Daniel López doesn’t remember an exact time when he started taking an interest in art, but he does credit it for helping him with the transition to living in the U.S. His family came to Grand Rapids from Guatemala in 2003, when he was just 6 years old. “Art helped me cope with a lot of the challenges I had in the U.S.; it helped me express my culture,” López said. In high school López made immigration and culture a theme for his portfolio. “I wanted to express my culture and lived experiences and for people to understand a bit of it…with art I was able to tell something different about me.”

 In eighth grade, López realized after getting a lot of questions about his drawing of a Quetzal, the national bird of Guatemala, that people knew very little about where he was from. “That actually was a point where I realized people don’t know anything about my culture, so I took it upon myself to tell my story and the story of the country where I was from.”

López learned about the SmartArt competition from his high school art teacher. When his teacher saw a piece he was working on, she said it reminded her of the sun and encouraged López to add other elements of renewable energy. He didn’t intend to submit the piece, he was experimenting with different elements – lines, textures, and acrylic paint. López started looking into solar panels and wind turbines and other things related to energy.

“I decided to incorporate some of those things, for wind I did different circle patterns with brushstrokes and I made it represent the wind,” López said. “And I created triangles that were coming off the canvas to represent wind turbines, and then I added grass to symbolize earth. The yellow symbolizes the sun and also light bulbs and energy in general.”

López titled the painting “Illusion or Reality: Renewable Energy.” “I named it that way because when we think about the earth and minimizing our carbon footprint and thinking about sustainability a lot of it is action that people take. And we can make our Earth last if people take action and actually take care of it, but it could be an illusion, right? Where we tell ourselves that we want to take care of the Earth but don’t do it,” he said. “But we can make it a reality if we actually take action in protecting our Earth and our energy.”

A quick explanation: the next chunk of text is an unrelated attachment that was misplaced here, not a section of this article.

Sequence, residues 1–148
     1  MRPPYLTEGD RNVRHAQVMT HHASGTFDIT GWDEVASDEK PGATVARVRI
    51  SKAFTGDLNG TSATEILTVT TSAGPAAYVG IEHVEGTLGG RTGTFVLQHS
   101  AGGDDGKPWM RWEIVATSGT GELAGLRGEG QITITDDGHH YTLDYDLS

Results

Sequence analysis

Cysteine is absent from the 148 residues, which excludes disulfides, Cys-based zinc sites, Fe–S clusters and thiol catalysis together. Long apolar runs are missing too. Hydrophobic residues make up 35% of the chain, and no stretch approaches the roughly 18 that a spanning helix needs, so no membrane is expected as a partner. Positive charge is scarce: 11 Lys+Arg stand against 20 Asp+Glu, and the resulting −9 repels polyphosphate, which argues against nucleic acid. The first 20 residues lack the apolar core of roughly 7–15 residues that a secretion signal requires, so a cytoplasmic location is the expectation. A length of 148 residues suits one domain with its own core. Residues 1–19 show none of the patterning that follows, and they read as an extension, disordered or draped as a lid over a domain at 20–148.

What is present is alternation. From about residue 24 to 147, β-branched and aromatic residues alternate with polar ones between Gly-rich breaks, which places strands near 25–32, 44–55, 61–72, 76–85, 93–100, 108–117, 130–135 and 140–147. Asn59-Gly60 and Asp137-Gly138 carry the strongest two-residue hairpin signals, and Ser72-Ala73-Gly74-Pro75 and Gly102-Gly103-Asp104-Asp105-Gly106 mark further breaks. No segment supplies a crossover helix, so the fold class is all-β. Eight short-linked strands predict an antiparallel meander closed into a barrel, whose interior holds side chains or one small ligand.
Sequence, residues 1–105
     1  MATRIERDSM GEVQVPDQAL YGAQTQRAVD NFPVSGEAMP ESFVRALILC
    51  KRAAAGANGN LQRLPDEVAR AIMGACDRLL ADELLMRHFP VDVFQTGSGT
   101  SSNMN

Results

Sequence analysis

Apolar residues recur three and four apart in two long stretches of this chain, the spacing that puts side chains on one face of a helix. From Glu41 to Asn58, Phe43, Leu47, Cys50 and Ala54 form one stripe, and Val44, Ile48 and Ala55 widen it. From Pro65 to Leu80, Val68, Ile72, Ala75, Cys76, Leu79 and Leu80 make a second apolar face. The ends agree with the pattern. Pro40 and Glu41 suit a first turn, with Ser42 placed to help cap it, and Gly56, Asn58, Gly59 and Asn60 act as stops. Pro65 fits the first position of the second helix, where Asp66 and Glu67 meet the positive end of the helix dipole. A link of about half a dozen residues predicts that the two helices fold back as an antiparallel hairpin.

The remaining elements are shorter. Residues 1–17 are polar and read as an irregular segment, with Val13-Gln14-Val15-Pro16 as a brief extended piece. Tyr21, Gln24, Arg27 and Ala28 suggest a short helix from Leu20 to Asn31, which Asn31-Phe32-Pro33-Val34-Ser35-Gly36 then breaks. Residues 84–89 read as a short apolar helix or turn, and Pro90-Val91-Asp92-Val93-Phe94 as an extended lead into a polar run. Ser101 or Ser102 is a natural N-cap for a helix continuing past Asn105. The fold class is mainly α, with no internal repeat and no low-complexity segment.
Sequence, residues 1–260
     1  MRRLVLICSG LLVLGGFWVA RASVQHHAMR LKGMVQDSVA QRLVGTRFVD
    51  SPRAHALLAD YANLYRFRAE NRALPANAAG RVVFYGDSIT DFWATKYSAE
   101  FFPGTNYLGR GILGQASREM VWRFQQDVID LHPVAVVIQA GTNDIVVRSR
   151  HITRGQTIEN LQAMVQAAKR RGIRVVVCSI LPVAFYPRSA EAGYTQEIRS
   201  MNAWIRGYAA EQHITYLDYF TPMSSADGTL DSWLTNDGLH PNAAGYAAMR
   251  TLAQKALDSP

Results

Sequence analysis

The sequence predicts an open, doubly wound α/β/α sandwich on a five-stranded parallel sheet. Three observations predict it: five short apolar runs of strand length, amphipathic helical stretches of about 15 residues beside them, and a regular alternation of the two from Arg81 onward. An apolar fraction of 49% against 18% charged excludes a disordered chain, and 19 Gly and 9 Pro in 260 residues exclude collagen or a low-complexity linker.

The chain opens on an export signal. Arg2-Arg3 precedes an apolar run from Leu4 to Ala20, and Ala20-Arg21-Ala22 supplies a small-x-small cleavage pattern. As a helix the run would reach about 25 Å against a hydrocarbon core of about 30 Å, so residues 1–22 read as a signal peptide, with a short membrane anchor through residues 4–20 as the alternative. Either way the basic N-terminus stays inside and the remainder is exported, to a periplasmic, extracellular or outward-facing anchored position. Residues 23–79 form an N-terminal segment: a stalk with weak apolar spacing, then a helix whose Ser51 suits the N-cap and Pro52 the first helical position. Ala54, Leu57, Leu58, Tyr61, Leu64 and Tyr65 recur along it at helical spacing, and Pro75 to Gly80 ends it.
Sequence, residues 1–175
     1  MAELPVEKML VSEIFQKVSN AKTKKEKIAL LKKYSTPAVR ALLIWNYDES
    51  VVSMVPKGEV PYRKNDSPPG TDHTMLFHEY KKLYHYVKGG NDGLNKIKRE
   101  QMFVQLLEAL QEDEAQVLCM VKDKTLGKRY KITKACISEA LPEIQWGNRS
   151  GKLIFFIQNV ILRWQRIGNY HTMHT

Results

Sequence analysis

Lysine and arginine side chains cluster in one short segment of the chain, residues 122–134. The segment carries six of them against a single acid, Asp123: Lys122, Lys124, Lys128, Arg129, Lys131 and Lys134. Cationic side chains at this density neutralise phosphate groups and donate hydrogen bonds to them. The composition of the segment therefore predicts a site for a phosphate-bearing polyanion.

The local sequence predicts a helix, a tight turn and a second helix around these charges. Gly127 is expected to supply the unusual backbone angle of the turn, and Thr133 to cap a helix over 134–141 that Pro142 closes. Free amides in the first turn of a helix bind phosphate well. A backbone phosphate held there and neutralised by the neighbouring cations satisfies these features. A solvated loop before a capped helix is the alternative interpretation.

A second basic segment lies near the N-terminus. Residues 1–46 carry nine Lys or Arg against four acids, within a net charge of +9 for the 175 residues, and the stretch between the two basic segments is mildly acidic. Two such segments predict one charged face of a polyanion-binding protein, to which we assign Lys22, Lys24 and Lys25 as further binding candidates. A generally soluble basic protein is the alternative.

López said he couldn’t believe it when he found out he won. “I honestly thought people don’t really enjoy abstract art, they are more likely to enjoy traditional art, realistic things.” Although he didn’t make the piece for the competition, everything lined up. He had won competitions before but this was the most money he had received, “It helped me realize I can make art and get paid for it, if I wanted to, and that people actually like it.”

Winning ArtPrize and seeing the banner displayed for the first time helped López believe in himself even more. “It enabled me to believe in myself in a way I had not really thought about it. Friends would tell me ‘you’re very talented, you have the skill,’ but part of me didn’t believe that until I saw that big banner.”

López believes the piece he submitted for the competition reflected his non-traditional approach to art, “The SmartArt competition really did reflect the skill sets that I have and the non-traditional approach that I have where I don’t really want to fit in, I want to stand out. The art that I created for Consumers Energy really reflected that where it did stand out.”